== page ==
One day at work I had an epiphany. “I wonder if know enough people who would be willing to loan me $10 so that I can purchase an Xbox One.” I would only need 50 people to help, and with over 160 Facebook friends and 250 followers on Twitter, I think there are probably 50 of them who would feel comfortable parting with $10 to help me out. I had settled on $10 because it’s a small enough amount that I believed that people could part with it without thinking about it too much, but large enough that it wouldn’t take too many people to get onboard to reach the goal. I asked around for people’s opinions on the idea and I got a lot of giggles and more than a couple, “If you find 49 other people to contribute, I’ll be your 50th.” That was a positive enough experience that I started to think of a way to try to make it happen.
I have friends and family spread literally all over the world, and I would need to have a way for these people to contribute, and even keep track of my progress toward my goal. A crowdfunding website would be the perfect venue for this venture. One of my friends on Google+ had posted a couple of campaigns created on a site called www.gofundme.com, and that seemed a perfect place to set up shop.
As of this writing I am mere hours away from having my campaign online for a week. In that time I have raised $130 toward my goal, which is amazing! The reactions that I have witnessed online have been mostly positive. I’ve gotten everything from, “I can’t believe that you’ve actually gotten that much,” to, “If you can get the internet to buy you an Xbox, more power to you.” I originally didn’t, and still don’t have any intention of soliciting random strangers to contribute. This has morphed into a social experiment to see if I can get 50 people who care enough to help me get an Xbox One. I also switch back and forth between calling it a donation and a loan. The site sees it as a donation, but if one of my contributors were to come to me down the road and say, “Remember that $10 I gave you for your Xbox One…,” I would feel obligated to pay it back.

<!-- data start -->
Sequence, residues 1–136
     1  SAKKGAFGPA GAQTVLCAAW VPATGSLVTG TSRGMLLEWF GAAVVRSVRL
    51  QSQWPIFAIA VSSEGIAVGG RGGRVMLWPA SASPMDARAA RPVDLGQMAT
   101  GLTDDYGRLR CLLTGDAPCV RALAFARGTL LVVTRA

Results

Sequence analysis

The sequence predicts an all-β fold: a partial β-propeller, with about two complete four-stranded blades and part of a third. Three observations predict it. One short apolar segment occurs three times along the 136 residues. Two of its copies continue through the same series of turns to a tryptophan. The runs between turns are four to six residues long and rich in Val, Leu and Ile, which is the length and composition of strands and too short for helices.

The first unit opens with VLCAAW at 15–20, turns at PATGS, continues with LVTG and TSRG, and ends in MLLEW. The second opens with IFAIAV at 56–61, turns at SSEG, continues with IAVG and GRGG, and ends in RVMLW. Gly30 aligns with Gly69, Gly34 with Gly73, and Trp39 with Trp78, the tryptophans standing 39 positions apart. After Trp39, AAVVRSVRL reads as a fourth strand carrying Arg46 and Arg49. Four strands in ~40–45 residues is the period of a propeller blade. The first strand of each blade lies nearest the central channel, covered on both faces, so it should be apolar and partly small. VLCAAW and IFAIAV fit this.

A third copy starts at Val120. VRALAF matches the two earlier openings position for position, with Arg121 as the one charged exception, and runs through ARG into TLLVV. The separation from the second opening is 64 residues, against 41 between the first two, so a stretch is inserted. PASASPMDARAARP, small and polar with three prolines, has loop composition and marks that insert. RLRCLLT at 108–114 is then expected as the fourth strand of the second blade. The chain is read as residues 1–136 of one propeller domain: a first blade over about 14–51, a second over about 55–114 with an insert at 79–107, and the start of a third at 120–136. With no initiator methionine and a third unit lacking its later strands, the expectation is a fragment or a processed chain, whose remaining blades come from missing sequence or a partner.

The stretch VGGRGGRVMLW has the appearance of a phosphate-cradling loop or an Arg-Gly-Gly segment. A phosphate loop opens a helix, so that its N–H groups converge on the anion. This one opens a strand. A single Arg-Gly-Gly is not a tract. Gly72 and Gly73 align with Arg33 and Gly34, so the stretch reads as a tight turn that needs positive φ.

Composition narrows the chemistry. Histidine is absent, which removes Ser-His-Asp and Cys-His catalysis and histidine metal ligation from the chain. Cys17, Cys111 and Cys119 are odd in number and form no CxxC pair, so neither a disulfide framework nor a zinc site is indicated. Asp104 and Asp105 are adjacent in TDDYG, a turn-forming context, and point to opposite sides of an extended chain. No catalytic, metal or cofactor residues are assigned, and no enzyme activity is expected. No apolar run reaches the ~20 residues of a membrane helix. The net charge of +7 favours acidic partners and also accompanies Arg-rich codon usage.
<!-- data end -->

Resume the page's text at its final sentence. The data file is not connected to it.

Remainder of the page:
JoypadAndMe has always had a bias toward the PlayStation platform as all of the staff primarily game on those systems. We have been looking for people to join the site to help cover the Xbox, but have yet to get anybody on board (ED. not for lack of trying either!). This will obviously benefit myself, but I also feel that it will be a huge boon to the website to have a staff member who owns and is familiar with the Microsoft console.
If you would like to monitor my progress, or even make a contribution of your own (any amount, large or small, would help and be VERY appreciated), you can follow this link:
I intend to post regular updates on the progress of the campaign, and look forward to writing about Microsoft’s new console on the site and talking about it on the podcasts when it gets fully funded. As I said on episode 43 of the JAMcast, if somehow Microsoft were to decide to provide me with a console, I will donate every dime that I have raised so far to the Children’s Miracle Network via Extra Life.
I’d also like your feedback. Please feel free to comment below or shoot me a tweet @NMReign on Twitter and let me know what you think.